You can choose to use Windows Communication Foundation (WCF) for new development, while continuing to maintain existing applications developed using ASP.NET. Because WCF is intended to be the most suitable choice for facilitating communication with applications built with the .NET Framework in any scenario, it can serve as a standard tool for solving a wide variety of software communications problems in a way that ASP.NET cannot.
New WCF applications can be deployed on the same machines as existing ASP.NET Web services. If the existing ASP.NET Web services use a version of the .NET Framework prior to version 2.0, then you can use the ASP.NET IIS Registration Tool to selectively deploy the .NET Framework 2.0 to IIS applications in which new WCF applications are to be hosted. That tool is documented at ASP.NET IIS Registration Tool (Aspnet_regiis.exe), and has a user interface built into the IIS 6.0 management console.
WCF can be used to add new features to existing ASP.NET Web services by adding WCF services configured to run in ASP.NET compatibility mode to existing ASP.NET Web service applications in IIS. Because of ASP.NET compatibility mode, the code for the new WCF services can access and update the same application state information as the pre-existing ASP.NET code, by using the HttpContext class. The applications can also share the same class libraries.
WCF clients can use ASP.NET Web services. WCF services that are configured with the BasicHttpBinding can be used by ASP.NET Web service clients. ASP.NET Web services can co-exist with WCF applications, and WCF can even be used to add features to existing ASP.NET Web services. Given all of these ways in which WCF and ASP.NET Web services can be used together, you may want to migrate ASP.NET Web services to WCF only if you require features that are provided by WCF and not ASP.NET Web services.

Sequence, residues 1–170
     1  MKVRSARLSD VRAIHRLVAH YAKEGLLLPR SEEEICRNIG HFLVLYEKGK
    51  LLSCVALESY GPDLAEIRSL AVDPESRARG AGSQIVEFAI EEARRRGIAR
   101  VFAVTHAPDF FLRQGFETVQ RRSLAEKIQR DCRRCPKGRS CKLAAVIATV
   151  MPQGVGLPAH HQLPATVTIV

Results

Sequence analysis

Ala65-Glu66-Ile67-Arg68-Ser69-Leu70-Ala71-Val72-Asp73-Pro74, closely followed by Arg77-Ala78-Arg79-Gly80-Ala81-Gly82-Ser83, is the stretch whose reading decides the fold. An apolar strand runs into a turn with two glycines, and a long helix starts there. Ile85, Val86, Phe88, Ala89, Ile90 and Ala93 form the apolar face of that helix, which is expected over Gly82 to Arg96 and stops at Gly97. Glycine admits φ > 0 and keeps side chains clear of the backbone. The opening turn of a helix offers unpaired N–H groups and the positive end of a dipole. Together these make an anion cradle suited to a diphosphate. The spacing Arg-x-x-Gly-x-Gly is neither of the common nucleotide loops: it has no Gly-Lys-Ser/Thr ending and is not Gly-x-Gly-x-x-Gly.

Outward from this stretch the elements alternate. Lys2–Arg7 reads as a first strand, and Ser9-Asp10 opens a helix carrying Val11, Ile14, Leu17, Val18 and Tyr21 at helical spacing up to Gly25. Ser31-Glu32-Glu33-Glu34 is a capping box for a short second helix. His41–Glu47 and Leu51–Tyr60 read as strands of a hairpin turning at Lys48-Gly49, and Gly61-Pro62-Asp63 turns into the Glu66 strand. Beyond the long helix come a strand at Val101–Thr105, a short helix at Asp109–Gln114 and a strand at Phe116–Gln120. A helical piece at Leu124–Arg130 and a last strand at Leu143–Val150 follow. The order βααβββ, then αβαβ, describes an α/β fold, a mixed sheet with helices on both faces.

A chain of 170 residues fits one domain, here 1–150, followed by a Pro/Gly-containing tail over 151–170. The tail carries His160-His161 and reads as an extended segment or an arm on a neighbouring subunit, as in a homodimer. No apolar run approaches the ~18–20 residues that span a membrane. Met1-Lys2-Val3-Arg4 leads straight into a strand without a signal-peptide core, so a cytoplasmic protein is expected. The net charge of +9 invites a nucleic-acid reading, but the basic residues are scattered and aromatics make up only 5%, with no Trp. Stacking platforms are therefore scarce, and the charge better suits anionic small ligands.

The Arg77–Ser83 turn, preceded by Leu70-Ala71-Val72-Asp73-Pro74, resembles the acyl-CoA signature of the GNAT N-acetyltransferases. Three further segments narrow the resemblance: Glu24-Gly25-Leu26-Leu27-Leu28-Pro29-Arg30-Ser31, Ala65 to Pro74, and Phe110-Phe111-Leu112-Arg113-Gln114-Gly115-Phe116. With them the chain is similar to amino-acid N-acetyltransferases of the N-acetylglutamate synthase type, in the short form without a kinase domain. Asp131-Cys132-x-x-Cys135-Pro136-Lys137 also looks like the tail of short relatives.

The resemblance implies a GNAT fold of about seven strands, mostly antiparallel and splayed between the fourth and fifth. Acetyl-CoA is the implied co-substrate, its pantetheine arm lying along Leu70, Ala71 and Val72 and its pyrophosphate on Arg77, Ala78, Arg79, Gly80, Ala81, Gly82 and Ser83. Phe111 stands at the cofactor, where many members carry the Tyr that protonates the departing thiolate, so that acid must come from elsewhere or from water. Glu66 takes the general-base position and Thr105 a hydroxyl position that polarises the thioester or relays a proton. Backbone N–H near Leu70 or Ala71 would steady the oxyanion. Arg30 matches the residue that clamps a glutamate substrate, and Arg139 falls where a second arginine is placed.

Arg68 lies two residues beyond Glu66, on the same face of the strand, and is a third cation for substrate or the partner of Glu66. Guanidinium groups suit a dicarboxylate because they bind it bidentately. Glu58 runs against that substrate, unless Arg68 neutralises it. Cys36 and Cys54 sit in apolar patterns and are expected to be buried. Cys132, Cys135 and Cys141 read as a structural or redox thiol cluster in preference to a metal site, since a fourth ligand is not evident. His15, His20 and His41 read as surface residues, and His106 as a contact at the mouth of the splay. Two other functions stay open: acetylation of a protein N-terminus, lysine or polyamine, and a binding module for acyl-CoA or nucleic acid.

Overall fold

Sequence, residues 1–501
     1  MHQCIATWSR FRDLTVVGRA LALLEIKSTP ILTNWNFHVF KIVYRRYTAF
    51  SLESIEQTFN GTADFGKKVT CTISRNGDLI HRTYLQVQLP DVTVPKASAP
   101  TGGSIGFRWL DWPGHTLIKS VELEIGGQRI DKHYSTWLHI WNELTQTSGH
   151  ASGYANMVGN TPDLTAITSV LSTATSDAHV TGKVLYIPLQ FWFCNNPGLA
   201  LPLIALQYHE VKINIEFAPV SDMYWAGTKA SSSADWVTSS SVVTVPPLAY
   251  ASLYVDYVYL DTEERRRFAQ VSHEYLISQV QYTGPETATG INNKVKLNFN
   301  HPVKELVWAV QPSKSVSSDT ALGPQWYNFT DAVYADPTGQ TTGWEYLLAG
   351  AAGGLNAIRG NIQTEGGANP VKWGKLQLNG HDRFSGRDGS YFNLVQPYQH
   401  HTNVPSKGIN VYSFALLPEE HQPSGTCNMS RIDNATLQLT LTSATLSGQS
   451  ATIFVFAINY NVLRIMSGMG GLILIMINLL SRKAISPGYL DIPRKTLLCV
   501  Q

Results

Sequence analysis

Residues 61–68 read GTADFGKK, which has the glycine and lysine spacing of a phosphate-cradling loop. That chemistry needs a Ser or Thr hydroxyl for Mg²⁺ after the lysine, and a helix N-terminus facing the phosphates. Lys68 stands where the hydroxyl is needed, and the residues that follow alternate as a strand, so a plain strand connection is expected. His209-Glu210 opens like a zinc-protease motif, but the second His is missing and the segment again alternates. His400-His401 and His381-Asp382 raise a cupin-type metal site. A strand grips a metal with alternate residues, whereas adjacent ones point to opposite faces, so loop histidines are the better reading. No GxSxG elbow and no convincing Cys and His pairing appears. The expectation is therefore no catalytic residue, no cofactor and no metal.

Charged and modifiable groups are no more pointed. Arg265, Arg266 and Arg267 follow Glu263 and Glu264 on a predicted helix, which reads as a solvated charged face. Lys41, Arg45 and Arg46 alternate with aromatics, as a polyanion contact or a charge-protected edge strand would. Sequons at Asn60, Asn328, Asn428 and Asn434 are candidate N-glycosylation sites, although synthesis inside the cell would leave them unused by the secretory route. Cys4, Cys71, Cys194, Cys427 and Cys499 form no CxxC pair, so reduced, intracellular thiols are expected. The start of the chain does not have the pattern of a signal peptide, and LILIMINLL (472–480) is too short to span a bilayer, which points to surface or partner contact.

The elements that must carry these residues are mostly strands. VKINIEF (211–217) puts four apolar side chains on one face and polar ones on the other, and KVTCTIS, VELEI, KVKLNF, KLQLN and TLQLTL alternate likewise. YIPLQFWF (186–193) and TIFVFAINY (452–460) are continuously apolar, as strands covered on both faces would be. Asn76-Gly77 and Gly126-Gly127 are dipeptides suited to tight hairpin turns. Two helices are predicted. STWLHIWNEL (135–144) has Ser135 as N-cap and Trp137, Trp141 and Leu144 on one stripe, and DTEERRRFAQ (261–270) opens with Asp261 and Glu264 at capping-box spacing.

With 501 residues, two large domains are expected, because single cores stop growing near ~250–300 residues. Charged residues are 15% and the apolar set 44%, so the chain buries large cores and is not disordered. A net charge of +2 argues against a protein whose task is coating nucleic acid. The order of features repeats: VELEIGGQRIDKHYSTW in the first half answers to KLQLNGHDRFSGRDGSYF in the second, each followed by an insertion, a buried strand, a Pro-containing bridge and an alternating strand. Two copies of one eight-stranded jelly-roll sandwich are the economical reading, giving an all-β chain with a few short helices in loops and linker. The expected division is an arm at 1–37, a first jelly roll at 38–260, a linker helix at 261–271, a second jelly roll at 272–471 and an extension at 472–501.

Even in the few cases where it is necessary, carefully consider that migrating code from one technology to another is seldom the correct approach. The reason for adopting the new technology is to meet new requirements that cannot be met with the earlier technology, and in that case, the correct thing to do is to design a new solution to meet the newly-expanded set of requirements. The new design benefits from your experience with the existing system and from wisdom gained since that system was designed. The new design can also use the full capabilities of the new technologies rather than reproducing the old design on the new platform. After prototyping key elements of the new design, it becomes easier to re-use code from the existing system within the new one.
For the few cases where porting from ASP.NET Web services to WCF is the correct solution, the following section provides some guidance on how to proceed. There is advice on how to migrate services, and how to migrate clients.
For a complete analysis on how to migrate existing ASP.NET Web Services to WCF please see ASP.NET Web Services and the Windows Communication Foundation. This section describes how to implement a compliant WCF service from the metadata for you ASP.NET Web Service, and how to migrate ASP.NET Web service and client code to WCF.
How to: Retrieve Metadata and Implement a Compliant Service
How to: Migrate ASP.NET Web Service Code to the Windows Communication Foundation
How to: Migrate ASP.NET Web Service Client Code to the Windows Communication Foundation